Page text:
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Catholic News Herald

Serving Christ and Connecting Catholics in Western North Carolina

122012 st john schoolsClosed schools enriched Catholic education in western N.C.

The Diocese of Charlotte has witnessed significant change in the area of Catholic education during the course of the past 40 years since it was carved out of the Raleigh Diocese. Just as the needs and population of the Catholics in the western half of the state have grown and changed, so too has the area of Catholic education.

To adapt to these changes, some cities have seen Catholic schools close or merge with other Catholic schools in the area. Other cities have seen the construction of new schools to better accommodate the growing number of families seeking a Catholic education for their children.

Mecklenburg Area Catholic Schools was founded in Charlotte in 1992 to provide a centralized school system in the Charlotte metropolitan area. (All other Catholic schools in the diocese are either diocesan or parish-based schools.) There are currently 19 Catholic schools in the diocese, serving children in pre-kindergarten through 12th grade.

Pictured: St. John the Evangelist School, Waynesville, in an undated photo. (Photos provided by Diocese of Charlotte archives)

There have been 17 Catholic schools which have closed, some even before the diocese was established. Here is a brief look at the history of these Catholic schools in western North Carolina:

— Asheville Catholic High School – Asheville Catholic High originated as St. Francis School for Boys established in 1949 by Franciscan Friars. It stood on the old Glen Eden estate. The Glen Eden mansion was converted into classrooms, and the stable into a laboratory. On Sept. 3, 1957, Bishop Vincent Waters established Asheville Catholic High School as a co-ed institution staffed by three different religious orders: the Sisters of Mercy, the Sisters of Charity of Nazareth, and the Religious of Christian Education. A new high school building and gymnasium/auditorium were constructed on the same Glen Eden estate property in 1959-1960. Bishop Waters dedicated the new facilities on April 24, 1960. Due to declining enrollment, the high school closed in June 1972. The property was sold to Asheville-Buncombe Technical Community College two years later.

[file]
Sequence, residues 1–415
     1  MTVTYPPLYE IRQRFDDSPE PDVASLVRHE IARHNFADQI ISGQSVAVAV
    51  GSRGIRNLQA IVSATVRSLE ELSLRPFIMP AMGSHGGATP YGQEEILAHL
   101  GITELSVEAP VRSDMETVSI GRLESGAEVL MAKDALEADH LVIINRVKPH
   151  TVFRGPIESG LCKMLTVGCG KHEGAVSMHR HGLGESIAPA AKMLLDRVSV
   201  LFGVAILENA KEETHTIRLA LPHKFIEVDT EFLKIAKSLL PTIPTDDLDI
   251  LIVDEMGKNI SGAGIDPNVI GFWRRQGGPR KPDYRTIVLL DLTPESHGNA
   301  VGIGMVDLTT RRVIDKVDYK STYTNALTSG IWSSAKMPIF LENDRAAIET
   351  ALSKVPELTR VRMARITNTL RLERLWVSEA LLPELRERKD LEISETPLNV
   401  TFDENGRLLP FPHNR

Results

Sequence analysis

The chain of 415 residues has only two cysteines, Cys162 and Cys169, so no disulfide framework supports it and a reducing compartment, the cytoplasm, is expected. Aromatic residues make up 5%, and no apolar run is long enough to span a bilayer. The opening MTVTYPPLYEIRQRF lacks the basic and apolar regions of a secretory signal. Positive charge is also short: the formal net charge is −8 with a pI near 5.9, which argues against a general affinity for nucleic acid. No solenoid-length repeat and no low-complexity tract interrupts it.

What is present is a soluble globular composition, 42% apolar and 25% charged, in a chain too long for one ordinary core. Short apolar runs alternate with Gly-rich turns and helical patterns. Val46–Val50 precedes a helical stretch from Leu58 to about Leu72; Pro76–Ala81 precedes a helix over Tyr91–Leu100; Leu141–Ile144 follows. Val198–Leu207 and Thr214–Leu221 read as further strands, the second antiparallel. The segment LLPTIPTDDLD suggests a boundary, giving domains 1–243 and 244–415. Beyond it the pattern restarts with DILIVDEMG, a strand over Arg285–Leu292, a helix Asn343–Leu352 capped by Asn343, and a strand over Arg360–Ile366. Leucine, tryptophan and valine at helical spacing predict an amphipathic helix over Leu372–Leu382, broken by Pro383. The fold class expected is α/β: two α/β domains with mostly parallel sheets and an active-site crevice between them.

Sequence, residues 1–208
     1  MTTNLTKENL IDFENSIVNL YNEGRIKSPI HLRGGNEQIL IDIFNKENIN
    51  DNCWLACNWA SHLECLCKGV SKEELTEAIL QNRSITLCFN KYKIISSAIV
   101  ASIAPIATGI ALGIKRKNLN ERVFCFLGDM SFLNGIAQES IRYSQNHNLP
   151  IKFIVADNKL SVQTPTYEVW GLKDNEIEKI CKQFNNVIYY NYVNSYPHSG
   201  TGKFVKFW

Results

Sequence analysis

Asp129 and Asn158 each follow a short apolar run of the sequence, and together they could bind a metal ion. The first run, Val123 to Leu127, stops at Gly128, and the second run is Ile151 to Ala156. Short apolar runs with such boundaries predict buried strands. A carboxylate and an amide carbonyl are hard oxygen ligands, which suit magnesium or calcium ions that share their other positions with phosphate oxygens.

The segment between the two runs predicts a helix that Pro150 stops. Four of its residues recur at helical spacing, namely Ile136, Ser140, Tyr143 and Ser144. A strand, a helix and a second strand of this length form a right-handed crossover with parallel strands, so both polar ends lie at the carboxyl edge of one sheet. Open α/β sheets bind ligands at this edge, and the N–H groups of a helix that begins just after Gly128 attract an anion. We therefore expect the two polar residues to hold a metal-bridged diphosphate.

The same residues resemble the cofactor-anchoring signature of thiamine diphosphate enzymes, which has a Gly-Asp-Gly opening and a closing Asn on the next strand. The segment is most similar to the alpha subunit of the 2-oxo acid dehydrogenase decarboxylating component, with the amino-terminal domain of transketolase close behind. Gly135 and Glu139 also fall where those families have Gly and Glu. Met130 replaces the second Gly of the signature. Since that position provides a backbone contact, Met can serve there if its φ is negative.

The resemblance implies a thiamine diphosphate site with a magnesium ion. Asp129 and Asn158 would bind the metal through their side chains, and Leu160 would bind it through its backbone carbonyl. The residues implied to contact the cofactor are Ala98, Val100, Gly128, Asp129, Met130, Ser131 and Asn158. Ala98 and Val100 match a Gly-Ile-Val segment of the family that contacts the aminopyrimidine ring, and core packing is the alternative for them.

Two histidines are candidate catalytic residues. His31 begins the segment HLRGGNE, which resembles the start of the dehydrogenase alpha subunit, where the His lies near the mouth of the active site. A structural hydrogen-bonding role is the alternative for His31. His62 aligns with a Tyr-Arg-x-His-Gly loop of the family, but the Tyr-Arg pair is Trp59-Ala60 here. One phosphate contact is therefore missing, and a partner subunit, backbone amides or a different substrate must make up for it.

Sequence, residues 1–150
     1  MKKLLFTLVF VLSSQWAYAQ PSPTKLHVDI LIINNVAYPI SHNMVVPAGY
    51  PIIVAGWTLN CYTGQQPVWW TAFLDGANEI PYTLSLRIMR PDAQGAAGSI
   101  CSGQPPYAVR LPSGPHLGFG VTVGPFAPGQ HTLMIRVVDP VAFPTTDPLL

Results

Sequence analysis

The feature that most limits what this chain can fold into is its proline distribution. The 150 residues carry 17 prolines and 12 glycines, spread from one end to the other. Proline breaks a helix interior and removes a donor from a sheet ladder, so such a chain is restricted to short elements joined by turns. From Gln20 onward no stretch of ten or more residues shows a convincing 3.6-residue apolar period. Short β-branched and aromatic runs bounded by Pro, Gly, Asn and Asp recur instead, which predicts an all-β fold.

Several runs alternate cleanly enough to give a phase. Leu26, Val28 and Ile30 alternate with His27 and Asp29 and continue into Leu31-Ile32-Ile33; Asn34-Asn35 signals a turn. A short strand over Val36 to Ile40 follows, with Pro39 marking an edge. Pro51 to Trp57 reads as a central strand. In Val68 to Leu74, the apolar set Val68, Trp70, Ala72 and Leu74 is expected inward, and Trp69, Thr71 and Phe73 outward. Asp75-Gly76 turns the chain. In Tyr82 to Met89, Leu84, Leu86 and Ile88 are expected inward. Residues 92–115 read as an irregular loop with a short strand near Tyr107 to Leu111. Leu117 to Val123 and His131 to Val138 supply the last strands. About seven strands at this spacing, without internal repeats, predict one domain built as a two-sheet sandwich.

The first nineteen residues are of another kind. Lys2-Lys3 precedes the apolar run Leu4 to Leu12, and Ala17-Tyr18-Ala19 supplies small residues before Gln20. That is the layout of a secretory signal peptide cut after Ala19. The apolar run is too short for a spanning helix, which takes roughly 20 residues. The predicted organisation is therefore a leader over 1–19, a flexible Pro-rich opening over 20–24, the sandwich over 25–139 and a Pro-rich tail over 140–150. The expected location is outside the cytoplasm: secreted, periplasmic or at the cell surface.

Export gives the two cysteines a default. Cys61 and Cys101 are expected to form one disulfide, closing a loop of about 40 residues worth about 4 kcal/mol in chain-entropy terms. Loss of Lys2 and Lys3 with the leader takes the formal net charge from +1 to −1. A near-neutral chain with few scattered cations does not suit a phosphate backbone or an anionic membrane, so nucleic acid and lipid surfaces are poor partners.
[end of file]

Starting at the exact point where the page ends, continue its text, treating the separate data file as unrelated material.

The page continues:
— St. Anthony of Padua School, Asheville - On September 28, 1936 the Franciscan Sisters of Alleghany opened the doors of St. Anthony of Padua School in Asheville. The school, which served primarily African American students, was attached to St. Anthony of Padua Parish, which was also staffed by Franciscans. The sisters remained until 1969 when they withdrew and the school closed. New City Christian School, which was established in 2006, now occupies the building which once housed St. Anthony of Padua School.

— St. Genevieve of the Pines, Asheville – The story of St. Genevieve began in December 1907. At this time, five women professed with Religious of Christian Education moved into a house at 48 Starnes Ave. They quickly established a school in their home by January 1908. By September 1908, they operated the school in two houses located on North Main Street (now Broadway) and had an enrollment of 80 students, six of whom were boarding students. Next, the school moved to the former Victoria Inn on Victoria Road and became St. Genevieve of the Pines. Classes at the new campus started in January 1911. In 1949, the sisters added Gibbons Hall for boys and began St. Genevieve of the Pines School for Secretaries in 1955. The Religious of Christian Education ceased operating St. Genevieve in 1971 due to a shortage of vocations and the age and poor health of the sisters. However, the school continued under the care of a Board of Trustees with some of the sisters remaining as teachers. St. Genevieve merged with Asheville Country Day School in 1987. Today, it is called Carolina Day School. The St. Genevieve property was sold to Asheville Buncombe Technical Community College.